Recently I had a certain problem which I wanted to solve with Clojure: I wanted to sort a set of version tags. The version tags look something like this:
Version_6_00_000 Version_6_00_000_alpha_2 Version_6_00_000_alpha_13 Version_7_00_000 Version_7_00_000_beta_24
The version tags contain numbers and words which are separated by underscores. The tags cannot be sorted alphabetically because of the different lengths (with or without alpha/beta/number suffix). That`s why we need a custom way to sort the version numbers correctly (see the ordering above).
In Java the standard way to do this is by using the Comparator interface (or Comparable). In Clojure it is the same. In Clojure you can implement Java interfaces on the fly using the proxy macro.
Below is the first version of the Comparator implementation.
1(def tag-comparator 2 (proxy [java.util.Comparator] 3 (compare [a b] 4 (let [as (.split a "_") 5 bs (.split b "_") 6 [d1 d2 d3 d4 d5 d6] (map compare as bs)] 7 (if (and d1 (not= 0 d1)) d1 8 (if (and d2 (not= 0 d2)) d2 9 (if (and d3 (not= 0 d3)) d3 10 (if (and d4 (not= 0 d4)) d4 11 (if (and d5 (not= 0 d5)) d5 12 (if (and d6 (not= 0 d6)) d6 13 0))))))))))
In line 1 we define the symbol tag-comparator. The proxy macro (line 2) lets you extend Java interfaces like the Comparator interface. We implement the compare method (line 3) by splitting the two strings using underscore as the separator (line 4, 5). We map the (String-) compare method to all the substrings. In line 6 you see an example of Clojure’s destructuring mechanism in the let block. The map function returns a list of values. The list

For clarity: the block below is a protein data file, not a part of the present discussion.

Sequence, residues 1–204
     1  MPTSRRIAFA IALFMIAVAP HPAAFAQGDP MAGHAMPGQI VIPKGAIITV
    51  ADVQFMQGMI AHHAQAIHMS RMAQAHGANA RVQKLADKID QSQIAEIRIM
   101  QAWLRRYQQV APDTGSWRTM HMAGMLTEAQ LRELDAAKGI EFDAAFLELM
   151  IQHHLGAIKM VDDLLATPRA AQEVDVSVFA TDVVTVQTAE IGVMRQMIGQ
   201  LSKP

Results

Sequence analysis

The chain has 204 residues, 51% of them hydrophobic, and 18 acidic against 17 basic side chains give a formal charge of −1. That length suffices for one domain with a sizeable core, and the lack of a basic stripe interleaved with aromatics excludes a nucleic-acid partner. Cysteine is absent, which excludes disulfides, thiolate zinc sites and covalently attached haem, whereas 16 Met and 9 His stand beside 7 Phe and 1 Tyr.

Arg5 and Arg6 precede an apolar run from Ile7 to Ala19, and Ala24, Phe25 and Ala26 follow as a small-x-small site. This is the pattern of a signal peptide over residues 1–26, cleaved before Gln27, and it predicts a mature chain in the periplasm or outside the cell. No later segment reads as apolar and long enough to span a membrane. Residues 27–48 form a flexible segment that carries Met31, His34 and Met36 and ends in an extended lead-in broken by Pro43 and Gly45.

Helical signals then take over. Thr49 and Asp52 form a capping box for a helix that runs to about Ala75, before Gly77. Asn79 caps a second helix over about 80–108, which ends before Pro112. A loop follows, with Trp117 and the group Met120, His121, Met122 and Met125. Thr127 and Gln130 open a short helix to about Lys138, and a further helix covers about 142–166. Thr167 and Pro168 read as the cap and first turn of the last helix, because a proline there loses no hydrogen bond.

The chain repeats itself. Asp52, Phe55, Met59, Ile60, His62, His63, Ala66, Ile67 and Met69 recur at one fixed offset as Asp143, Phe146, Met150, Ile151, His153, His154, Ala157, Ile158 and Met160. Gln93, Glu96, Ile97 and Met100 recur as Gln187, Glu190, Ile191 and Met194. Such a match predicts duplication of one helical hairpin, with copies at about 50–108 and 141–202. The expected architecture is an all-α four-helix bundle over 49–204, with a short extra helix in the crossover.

[d1 d2 d3 d4 d5 d6] takes this list and binds the values to the variables/symbols.
In line 7 to 13 we check for each substring difference if it is equal to zero. If not, we have a difference and know how to order the two strings
b. The cascade of
ifs is not very elegant, that`s why we want to simplify the comparator and make it more general.
There is still an error in the definition above which concerns the ordering of numbers as strings. The numbers are sorted alphabetically, which can produce a wrong ordering („13“ < "2").
1(def tag-comparator 2 (proxy [java.util.Comparator] 3 (compare [a b] 4 (let [la (map maybe-to-int (.split a "_")) 5 lb (map maybe-to-int (.split b "_")) 6 deltas (map compare la lb) 7 diff-len (- (count la) (count lb))] 8 (or (first (filter (partial not= 0) deltas)) 9 diff-len)))))
In this version we have the function
maybe-to-int (line 4, 5) that tries to parse a given substring as a Java integer. If this fails it returns the string instead. In line 6 we compare the substrings (and integers) and bind it to
deltas. In line 8 we filter the deltas which are not zero and then take the first entry of the resulting list. This is the result of the comparison.
However the deltas may as well be all zero. In this case the filtering returns an empty list and
or function evaluates the next expression which is
diff-len and represents the length difference of the two substring lists.
Don`t repeat yourself
1(def tag-comparator 2 (proxy [java.util.Comparator] 3 (compare [a b] 4 (let [explode #(map maybe-to-int (.split % "_")) 5 [la lb] (map explode [a b]) 6 deltas (map compare la lb) 7 diff-len (reduce - (map count [la lb]))] 8 (println deltas) 9 (or (first (filter (partial not= 0) deltas)) 10 diff-len)))))
In this version we extract the common functionality of splitting and mapping and create the function
explode (line 4). We map the function to both strings (line 5). The value
diff-len is computed in a more functional way (line 7).
1(def tag-comparator 2 (proxy [java.util.Comparator] 3 (compare [a b] 4 (let [parse-int #(Integer/parseInt %) 5 parse-fns [str parse-int parse-int parse-int str parse-int] 6 explode (fn [s] (map #(%1 %2) parse-fns (.split s "_"))) 7 [la lb] (map explode [a b]) 8 deltas (map compare la lb) 9 diff-len (reduce - (map count [la lb]))] 10; (println deltas) 11 (or (first (filter (partial not= 0) deltas)) 12 diff-len)))))